“The houses are not appropriate for the environment, and the way they’re run leads to the conditions that you see,” he says, explaining the government offers little support on how to maintain the houses in the northern climate.
Seated next to his grandmother, Lucas plays on a smartphone. He’s quiet, looks up and smiles every few minutes — but doesn’t say much.
It’s a different upbringing than his grandmother’s.
Mezzetay was born “in the bush,” she says. Like many in the community, she was raised in a log cabin. Her father was a trapper.
Though they lived without amenities like plumbing and electricity, Mezzetay says their homes weren’t mould-ridden.
Most houses in the community were built in the 1970s and ‘80s. They lack adequate insulation and ventilation, which creates conditions for mould.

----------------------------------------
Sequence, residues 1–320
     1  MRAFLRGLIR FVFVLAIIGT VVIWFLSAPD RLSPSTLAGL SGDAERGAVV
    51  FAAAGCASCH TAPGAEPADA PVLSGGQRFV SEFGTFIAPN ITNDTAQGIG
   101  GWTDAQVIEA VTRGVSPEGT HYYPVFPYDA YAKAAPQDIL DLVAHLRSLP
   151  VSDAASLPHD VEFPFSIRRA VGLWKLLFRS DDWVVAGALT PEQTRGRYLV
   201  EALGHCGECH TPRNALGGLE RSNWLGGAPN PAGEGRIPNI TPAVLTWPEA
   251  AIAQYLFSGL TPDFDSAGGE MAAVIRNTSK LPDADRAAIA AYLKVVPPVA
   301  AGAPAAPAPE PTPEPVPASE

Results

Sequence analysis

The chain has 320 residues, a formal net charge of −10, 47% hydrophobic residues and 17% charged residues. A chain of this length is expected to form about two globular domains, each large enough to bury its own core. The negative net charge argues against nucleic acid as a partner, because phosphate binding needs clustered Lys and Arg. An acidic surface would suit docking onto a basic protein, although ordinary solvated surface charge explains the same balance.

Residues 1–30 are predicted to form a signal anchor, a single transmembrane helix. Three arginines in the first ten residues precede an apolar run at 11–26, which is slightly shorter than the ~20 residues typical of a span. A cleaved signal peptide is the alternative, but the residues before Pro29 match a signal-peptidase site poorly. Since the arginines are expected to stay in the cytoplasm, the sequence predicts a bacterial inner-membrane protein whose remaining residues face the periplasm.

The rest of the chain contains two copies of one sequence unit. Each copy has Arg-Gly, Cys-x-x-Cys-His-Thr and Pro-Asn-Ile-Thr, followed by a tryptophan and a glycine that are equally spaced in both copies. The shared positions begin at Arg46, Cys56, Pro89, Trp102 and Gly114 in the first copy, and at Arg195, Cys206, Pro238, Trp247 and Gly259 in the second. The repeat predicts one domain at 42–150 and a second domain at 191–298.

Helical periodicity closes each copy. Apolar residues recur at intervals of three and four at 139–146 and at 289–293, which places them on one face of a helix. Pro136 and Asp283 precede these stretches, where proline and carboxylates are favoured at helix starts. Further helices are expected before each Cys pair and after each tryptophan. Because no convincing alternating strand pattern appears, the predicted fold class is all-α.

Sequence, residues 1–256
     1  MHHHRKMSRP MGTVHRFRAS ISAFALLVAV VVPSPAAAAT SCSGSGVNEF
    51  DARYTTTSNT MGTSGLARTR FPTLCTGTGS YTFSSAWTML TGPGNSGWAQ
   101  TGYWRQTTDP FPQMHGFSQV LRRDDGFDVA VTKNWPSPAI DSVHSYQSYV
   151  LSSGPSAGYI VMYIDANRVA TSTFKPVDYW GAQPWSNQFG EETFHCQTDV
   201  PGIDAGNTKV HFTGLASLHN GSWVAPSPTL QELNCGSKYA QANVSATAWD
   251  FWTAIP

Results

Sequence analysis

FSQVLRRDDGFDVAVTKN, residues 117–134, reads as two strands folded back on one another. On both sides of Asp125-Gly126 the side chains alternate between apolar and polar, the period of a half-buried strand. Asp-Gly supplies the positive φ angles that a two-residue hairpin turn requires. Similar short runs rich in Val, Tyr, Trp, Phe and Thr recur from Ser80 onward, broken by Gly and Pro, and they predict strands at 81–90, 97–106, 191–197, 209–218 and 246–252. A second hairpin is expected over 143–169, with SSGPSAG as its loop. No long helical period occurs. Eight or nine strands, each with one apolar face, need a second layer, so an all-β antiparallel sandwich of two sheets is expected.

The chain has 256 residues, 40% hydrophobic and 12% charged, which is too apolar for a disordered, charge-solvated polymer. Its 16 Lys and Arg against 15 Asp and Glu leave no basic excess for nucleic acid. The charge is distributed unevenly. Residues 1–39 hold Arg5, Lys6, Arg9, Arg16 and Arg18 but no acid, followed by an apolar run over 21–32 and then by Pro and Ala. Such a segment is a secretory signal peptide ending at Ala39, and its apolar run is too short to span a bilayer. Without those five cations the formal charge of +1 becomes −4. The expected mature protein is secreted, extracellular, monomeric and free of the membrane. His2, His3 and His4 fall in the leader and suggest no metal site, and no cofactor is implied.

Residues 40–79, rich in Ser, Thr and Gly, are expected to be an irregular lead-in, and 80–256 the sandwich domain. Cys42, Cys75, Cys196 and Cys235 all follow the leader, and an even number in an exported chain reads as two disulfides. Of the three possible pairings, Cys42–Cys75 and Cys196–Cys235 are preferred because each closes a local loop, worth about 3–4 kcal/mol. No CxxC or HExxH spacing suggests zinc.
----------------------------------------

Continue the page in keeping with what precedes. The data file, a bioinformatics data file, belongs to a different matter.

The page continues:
Most houses in Cat Lake were built, insufficiently, in the 1970s and ’80s. (Justin Brake/APTN)
For at least a couple decades now community leaders say they’ve been trying to get the government’s attention.
Last August, ISC sent Environmental Public Health Officers to the community. They inspected 107 homes.
Fifty-three were found to have no visible mould, ISC spokesperson Rola Tfaili said in an email to APTN.
Forty-eight had “a small amount of visible mould present, four homes had a moderate amount of visible mould present, and two homes had extensive visible mould present.”
Following the inspections, ISC provided the results to community leaders, including “advice on how to control and remediate any mould found in the homes,” said Tfaili.